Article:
What’s Cookin’? Winter Brussels Sprouts

New year equals new resolutions. If you are anything like me and millions of other Americans your New Year’s resolutions include either eating better or exercising more (or both)!  Sometimes in the winter months I’m not as good about eating my veggies. With short days, when I get home from work the last thing I want to do is spend a lot of time cooking. But, I need to stop making excuses. There are some great winter vegetables that are nutritious, delicious and easy to get on the table in as little as 20 minutes. Here is my new favorite side dish – Winter Brussels Sprouts – and the agriculture story behind it.

Brussels sprouts, close up

Brussels sprouts – This underrated vegetable might be loathed by kids, but is actually really tasty. A lot of people don’t like them because they can smell bad if overcooked. Overcooking can release a natural compound that contains sulfur which stinks, so be sure to only cook them until easily pierced with a knife. The plant is said to have been originally cultivated in the area that is now Belgium and was named after the capital city. They are very nutritious and a great source of vitamins A, C and K as well as folic acid, iron, magnesium, selenium, and fiber.

wild-mustard-plantBrussels sprouts are descended from the wild mustard plant Brassica oleracea just like cabbage, kohlrabi, kale, broccoli and cauliflower. Brussels sprouts were bred and selected to promote lateral buds that grow up along the stem. Other members of this family were selected for their terminal buds, large leaves or flowers. While not GMOs, this family of vegetables is a perfect example of breeding and selecting for desired traits. From one common ancestor agriculturists were able to make a variety of veggies we all know and love.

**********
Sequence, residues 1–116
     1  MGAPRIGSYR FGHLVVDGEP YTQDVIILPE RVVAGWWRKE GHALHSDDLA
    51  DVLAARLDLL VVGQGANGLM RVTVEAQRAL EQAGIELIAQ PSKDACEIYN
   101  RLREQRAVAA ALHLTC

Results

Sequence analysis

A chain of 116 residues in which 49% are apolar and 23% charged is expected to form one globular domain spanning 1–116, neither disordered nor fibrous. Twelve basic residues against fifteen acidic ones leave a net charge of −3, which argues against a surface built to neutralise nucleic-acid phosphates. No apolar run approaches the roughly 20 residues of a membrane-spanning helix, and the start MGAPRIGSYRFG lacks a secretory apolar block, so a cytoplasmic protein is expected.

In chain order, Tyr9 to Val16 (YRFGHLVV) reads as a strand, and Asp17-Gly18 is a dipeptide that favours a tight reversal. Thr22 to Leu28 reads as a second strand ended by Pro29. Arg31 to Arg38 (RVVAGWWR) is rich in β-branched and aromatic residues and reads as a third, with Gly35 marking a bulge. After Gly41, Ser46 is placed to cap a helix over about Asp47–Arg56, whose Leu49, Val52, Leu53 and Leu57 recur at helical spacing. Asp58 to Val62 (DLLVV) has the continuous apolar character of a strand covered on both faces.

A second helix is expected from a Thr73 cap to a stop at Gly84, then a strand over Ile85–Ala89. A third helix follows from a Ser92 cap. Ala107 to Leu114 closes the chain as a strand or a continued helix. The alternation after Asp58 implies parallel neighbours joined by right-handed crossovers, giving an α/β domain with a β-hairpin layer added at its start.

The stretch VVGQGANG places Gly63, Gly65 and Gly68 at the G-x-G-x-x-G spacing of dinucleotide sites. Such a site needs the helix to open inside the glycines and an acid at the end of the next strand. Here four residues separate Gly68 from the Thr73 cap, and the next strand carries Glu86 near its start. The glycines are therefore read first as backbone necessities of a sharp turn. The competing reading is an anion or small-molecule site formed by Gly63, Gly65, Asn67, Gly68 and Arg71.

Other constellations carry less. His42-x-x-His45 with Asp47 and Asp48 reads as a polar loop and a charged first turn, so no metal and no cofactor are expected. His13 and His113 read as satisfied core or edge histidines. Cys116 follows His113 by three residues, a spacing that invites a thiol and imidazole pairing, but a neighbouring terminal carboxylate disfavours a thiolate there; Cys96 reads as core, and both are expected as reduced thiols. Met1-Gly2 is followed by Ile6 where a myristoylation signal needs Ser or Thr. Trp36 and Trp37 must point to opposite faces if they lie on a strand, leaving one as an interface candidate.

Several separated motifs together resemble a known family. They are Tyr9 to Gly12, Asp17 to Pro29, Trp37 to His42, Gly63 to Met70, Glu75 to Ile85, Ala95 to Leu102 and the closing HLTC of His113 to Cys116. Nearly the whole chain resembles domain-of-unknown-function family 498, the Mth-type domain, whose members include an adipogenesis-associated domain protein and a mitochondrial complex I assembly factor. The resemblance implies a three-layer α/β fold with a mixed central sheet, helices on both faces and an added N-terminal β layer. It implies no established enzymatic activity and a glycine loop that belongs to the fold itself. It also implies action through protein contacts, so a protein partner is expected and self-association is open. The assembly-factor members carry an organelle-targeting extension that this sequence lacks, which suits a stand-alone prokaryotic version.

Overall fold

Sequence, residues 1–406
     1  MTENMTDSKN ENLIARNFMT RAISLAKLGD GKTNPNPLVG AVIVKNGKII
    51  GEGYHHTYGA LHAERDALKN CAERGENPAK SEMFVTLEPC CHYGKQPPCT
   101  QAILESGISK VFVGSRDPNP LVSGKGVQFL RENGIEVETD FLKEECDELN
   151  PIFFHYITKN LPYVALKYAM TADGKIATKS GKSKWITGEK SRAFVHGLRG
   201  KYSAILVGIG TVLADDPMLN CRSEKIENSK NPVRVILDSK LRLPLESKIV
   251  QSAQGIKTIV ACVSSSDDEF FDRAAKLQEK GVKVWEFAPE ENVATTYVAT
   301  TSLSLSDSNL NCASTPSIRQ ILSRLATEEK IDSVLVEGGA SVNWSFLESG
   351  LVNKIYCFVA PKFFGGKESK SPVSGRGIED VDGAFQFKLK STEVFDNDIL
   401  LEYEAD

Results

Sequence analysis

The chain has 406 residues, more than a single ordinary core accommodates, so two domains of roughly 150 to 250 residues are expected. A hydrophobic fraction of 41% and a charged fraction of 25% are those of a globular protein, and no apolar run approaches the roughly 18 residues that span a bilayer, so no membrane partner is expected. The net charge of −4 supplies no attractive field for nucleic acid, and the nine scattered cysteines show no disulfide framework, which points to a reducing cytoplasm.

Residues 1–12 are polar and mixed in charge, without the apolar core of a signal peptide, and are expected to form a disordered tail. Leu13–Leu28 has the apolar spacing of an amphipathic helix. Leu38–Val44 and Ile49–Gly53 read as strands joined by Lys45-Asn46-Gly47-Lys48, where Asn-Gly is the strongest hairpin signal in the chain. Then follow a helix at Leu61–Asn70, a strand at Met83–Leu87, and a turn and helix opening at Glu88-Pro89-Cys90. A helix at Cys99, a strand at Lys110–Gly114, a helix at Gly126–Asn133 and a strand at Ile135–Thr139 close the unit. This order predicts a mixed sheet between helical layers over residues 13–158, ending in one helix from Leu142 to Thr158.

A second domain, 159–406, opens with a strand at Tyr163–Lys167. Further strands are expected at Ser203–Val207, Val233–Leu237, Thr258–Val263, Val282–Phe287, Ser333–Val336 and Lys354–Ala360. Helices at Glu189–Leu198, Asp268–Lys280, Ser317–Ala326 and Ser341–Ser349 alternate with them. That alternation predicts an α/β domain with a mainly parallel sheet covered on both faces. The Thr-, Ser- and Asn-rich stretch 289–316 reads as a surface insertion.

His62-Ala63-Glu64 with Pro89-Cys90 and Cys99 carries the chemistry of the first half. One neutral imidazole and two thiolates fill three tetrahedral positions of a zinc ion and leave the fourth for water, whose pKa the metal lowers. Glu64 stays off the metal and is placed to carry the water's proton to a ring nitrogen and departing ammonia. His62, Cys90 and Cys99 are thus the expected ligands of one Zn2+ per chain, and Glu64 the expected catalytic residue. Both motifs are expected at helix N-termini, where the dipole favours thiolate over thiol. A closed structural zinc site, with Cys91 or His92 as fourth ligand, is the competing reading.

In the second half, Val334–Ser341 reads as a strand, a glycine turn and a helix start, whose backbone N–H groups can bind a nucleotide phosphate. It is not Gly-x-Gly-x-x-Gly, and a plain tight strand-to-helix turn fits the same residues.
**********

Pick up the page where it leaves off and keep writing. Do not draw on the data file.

rustic cooked bacon

Bacon – Mmmm….bacon… This tasty pork product comes from the side and belly of the pig. Pork bellies are cured in a salt brine and flavorings to provide the rich taste. The curing process evolved before refrigeration as a way of preserving the meat. Iowa is the number one producer of pork in the U.S. Companies like Farmland Foods and JBS Swift have meat packing plants in Iowa and employ hundreds of Iowans.


Butter – We’ve covered butter a time or two before. It is an essential component for the richness of the dish. You could also substitute margarine in place of butter. Margarine can be made from canola, rapeseed, palm, or even soybean oil. Soybeans of course are grown right here in Iowa. These liquid vegetable oils are hydrogenated with water to make them into the more solid margarine that we are familiar with. Depending on the base ingredient they would have different melting temperatures than butter and taste slightly different. It is hard to say which is healthier – butter or margarine – but the key is to eat them in moderation.

Roasted cashews

Cashew nuts – Cashew nuts grow in tropical environments so you won’t likely find this tree in the U.S. Each nut grows out of the bottom of a cashew ‘apple’. These seeds provide proteins, fat and vitamins that contribute to a healthy diet.  Raw, cashews have a toxicity and so it is important to buy roasted nuts unless you know what you are doing to roast them yourself.

Salt and Pepper – Salt is not an agriculture product. It is one of the few minerals that humans mine for consumption. Besides being a great flavor enhancer a small amount is essential in your diet. Black pepper comes from the fruit of a pepper plant species which grows in hot and humid tropical climates. The unripe dried fruit, called peppercorns, are ground into the spice we call pepper. Pepper was one of the spices that early explores traded because of its high value. It came from the spice islands of southeast Asia which also were known for nutmeg, mace and cloves.

Ingredients:Brussel Sprouts with Ham

2 lbs Brussels sprouts
4 slices of thick bacon
2 Tbsp butter
1.5 ounce cashew nuts
Salt and pepper


  1. Rinse and trim Brussels sprouts. Cook in boiling, salted water for 7 minutes or until easily pierced with a knife or fork. Drain and run under cold water to cool and stop the cooking process. Cut each sprout in half.
  2. Cut the bacon into 1/2 inch pieces. Fry bacon in a skillet until crisp. Drain off most of the bacon fat reserving approximately 1 Tbsp.
  3. Add butter and cashew nuts and saute for a couple of minutes until cashew nuts are lightly toasted.
  4. Add Brussels sprouts to the pan and toss. Cook just until the sprouts are warmed through. Salt and pepper to taste and serve.


– Will

2 thoughts on “What’s Cookin’? Winter Brussels Sprouts

  1. Pingback: What’s Cookin’? Fire Roasted Corn Salsa | Iowa Agriculture Literacy

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